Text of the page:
Ttvoli, where Hercules ruled over a wilder kind of environment, and there were alsotemples to Sibilla and Vesta. The main sanctuaries of Latium, thus, formed a naturalnorth-south cardo, about which the cosmos revolved; and the sun followed the naturaldecumanus of the Secco Valley and the axis urbis of the city, which connected the RomanCampagna with Campania Felix. In the initial design for Canberra, Marion and Walter Griffin depicted a con-struction which parallels the heroic proportions of the geomantic constructions inAthens and Rome. The Land Axis connects Mount Ainslie with the Capitol and RedHill,- and then as the City and Environs drawing clearly indicates, this axis continues toBimberi Peak in the Brindabella ranges to the south. The prairie-like undulations of theMolonglo Valley, which greatly appealed to the Griffins, form a natural decumanus akinto that of the Roman Campagna and this is reinforced by both the Water Axis and theMunicipal Axis- Together, these focus upon Black Mountain (see figure 3.5). Thiscardo-decumanus scheme is also present in Latium at Palestrina, where a great composi-tion of axially disposed terraces reinforces the decumanus of the Secco Valley while theaxis emanating from the temple of Fortuna at Palestrina functions as a cardo which leadsthe eye between the Alban Hills and the Lepine Hills towards the distant sea.7 In Egypt there is evidence of a geomantic construction of even greater size. Anorth-south axis, the prime meridian dividing Egypt exactly in half, links the pre-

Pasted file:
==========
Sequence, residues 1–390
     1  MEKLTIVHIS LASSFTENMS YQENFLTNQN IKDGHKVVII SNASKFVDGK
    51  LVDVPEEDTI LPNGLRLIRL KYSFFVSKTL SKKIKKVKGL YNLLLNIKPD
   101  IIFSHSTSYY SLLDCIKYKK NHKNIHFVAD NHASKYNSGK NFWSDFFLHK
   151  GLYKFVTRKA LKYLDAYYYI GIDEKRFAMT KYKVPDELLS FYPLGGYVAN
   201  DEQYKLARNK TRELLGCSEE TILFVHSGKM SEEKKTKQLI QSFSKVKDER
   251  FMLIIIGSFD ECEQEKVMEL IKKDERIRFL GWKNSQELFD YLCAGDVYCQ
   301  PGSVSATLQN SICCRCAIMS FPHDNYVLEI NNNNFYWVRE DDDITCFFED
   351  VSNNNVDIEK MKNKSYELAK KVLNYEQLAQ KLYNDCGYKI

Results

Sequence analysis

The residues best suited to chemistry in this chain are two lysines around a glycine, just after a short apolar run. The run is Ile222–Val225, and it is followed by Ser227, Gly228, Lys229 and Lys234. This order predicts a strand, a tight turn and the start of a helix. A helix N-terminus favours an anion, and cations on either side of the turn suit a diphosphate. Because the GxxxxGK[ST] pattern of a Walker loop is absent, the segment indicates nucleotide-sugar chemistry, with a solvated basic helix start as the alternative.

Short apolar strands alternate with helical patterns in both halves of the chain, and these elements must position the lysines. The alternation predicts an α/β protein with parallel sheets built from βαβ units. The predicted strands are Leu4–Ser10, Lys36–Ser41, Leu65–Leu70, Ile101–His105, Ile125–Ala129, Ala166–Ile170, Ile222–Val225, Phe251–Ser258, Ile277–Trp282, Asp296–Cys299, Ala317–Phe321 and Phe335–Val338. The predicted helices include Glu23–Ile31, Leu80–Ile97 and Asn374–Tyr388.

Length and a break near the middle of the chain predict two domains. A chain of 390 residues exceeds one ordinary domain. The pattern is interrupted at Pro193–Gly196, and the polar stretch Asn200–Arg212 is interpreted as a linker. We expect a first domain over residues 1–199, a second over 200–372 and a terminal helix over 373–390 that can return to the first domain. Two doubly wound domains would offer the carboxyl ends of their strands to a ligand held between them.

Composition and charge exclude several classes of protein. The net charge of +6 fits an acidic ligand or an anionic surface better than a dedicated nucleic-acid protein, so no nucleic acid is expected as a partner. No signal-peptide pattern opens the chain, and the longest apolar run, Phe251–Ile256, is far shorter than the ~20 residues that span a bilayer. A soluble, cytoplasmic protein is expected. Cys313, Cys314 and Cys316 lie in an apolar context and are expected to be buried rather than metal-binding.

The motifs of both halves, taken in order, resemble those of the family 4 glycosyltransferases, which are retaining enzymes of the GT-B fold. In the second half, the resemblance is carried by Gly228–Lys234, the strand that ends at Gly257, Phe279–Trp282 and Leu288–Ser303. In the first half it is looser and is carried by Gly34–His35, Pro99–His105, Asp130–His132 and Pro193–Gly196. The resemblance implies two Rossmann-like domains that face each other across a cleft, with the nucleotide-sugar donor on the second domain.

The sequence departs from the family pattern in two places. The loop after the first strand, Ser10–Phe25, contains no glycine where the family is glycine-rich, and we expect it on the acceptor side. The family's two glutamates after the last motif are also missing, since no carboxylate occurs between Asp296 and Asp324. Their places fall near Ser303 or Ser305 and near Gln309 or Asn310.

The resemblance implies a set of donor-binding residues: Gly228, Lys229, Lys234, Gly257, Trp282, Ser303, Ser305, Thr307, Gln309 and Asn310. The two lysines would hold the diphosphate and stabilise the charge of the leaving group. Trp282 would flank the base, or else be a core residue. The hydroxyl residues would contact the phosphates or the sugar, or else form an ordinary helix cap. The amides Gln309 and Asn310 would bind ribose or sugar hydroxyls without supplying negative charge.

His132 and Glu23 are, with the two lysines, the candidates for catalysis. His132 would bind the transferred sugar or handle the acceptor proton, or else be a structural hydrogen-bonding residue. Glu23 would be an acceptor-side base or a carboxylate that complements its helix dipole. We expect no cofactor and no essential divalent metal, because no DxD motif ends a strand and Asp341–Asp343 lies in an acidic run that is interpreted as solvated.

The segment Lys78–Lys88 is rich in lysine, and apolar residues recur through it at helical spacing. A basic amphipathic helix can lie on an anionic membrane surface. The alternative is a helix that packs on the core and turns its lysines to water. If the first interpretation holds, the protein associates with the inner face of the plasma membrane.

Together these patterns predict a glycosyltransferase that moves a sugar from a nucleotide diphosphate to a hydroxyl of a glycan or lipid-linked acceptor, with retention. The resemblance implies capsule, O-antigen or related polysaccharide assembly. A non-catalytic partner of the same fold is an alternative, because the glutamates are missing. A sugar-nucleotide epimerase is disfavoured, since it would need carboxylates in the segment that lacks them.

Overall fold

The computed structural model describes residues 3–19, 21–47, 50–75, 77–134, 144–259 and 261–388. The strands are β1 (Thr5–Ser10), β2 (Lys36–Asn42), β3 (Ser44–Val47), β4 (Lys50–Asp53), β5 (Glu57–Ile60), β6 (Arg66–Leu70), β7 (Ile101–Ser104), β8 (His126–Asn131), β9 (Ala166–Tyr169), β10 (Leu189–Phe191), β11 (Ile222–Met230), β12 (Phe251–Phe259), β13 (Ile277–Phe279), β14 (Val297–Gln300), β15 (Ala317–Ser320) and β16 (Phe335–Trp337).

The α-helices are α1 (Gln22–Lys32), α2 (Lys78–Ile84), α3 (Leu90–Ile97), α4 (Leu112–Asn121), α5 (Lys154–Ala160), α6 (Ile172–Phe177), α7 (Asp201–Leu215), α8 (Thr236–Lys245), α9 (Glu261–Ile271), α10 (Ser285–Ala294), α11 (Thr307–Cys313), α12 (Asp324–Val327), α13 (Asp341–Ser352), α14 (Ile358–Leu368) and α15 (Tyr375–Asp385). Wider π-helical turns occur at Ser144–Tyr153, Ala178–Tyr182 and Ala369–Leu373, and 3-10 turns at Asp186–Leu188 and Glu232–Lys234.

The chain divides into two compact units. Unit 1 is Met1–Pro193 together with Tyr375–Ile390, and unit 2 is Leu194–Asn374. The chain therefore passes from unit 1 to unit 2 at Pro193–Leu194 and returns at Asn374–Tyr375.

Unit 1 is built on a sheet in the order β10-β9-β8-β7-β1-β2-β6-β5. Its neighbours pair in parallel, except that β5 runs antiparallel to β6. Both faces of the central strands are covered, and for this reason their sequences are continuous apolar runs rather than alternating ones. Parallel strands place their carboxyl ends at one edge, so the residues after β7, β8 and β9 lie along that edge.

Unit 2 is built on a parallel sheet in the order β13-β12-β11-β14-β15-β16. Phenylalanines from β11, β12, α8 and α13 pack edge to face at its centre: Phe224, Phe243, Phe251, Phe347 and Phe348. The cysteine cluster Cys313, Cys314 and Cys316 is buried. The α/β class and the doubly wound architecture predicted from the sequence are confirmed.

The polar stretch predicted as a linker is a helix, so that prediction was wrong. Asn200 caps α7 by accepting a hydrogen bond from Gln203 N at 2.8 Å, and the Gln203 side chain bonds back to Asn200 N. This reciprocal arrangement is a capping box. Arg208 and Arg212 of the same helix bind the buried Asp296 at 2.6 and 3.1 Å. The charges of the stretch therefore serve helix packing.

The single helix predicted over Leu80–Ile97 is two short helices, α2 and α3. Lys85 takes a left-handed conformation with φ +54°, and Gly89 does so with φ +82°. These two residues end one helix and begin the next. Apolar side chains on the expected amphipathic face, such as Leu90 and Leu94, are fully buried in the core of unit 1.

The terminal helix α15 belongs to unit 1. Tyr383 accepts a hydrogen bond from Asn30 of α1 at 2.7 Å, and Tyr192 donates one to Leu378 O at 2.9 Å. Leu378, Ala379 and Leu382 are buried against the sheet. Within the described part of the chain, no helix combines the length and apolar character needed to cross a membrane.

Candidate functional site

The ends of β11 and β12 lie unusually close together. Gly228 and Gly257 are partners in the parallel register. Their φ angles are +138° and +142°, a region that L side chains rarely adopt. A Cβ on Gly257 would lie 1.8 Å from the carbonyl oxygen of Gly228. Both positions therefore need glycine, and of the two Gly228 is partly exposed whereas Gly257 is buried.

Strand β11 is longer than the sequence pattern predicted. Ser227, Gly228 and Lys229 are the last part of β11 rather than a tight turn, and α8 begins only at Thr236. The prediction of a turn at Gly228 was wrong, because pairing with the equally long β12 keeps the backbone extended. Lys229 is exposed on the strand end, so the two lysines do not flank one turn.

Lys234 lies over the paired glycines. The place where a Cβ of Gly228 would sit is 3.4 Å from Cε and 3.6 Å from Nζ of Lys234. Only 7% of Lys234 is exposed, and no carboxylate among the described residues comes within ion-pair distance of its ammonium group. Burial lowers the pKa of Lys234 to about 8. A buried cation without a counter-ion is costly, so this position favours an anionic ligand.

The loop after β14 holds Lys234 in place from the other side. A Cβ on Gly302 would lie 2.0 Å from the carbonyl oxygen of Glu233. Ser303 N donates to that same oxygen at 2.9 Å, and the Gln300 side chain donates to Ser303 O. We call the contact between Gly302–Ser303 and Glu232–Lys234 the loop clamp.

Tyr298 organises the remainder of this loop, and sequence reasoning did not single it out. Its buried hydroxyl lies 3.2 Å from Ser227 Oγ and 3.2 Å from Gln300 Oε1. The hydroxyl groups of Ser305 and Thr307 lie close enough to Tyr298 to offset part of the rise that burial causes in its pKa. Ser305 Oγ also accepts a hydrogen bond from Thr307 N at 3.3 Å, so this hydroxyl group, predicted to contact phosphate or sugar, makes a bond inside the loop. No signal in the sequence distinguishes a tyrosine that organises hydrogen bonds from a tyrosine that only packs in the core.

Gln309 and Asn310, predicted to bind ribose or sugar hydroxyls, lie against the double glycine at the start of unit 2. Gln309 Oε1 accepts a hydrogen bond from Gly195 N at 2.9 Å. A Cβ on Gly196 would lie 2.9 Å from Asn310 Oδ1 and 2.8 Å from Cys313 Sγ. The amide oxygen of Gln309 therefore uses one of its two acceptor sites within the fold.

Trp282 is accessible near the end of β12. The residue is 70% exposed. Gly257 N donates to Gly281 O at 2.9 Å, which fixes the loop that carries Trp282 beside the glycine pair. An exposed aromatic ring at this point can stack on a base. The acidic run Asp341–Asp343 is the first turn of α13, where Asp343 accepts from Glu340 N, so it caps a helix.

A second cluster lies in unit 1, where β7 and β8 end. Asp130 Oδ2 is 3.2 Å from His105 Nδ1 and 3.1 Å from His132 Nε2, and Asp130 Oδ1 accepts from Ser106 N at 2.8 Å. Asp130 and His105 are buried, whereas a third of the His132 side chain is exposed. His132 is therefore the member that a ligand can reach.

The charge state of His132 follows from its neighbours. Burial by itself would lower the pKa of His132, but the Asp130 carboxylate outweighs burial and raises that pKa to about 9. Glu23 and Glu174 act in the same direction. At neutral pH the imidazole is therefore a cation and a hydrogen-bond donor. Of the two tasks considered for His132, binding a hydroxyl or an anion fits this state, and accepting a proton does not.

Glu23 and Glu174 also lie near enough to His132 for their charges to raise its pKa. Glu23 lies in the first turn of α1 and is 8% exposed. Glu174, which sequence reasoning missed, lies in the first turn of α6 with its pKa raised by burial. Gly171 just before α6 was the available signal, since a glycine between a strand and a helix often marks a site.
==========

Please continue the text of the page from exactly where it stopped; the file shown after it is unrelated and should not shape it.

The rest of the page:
Furstenburg; and to the east via Drevenack church to the old church of St Agatha inDorsten (see figure 38). In the imagery of microcosm—macrocosm, this ancient belief in the unity of all life and the analogy and reflection of the great in the small finds its most striking and expres- sive representation. It appears everywhere in both the Old and the New World in tra- ditional and rediscovered sacred images and calendars, which have always relied upon the same laws of correspondence between the cycles of earth and heaven.9These observations of Dr Josef Heinsch illuminate the philosophical stance of Marionand Walter Griffin and those of their contemporaries who were interested in the reju-venation of ancient paradigms. For the ancients, all human thoughts and actions weresubordinated to the energising influence of the all-powerful divine forces, everythingmundane being bound up with the divine. Their philosophy and wisdom culminated inthe knowledge that 'as above, so below',- thus, they attempted to bring all their activi-ties and ambitions into harmony with higher nature, the divine will. Geomantic constructions and axial alignments in the ancient world were notrestricted to the cardo-decumanus scheme; many early examples exist of interconnectingalignments that form complex geometrical forms linking both constructed and natural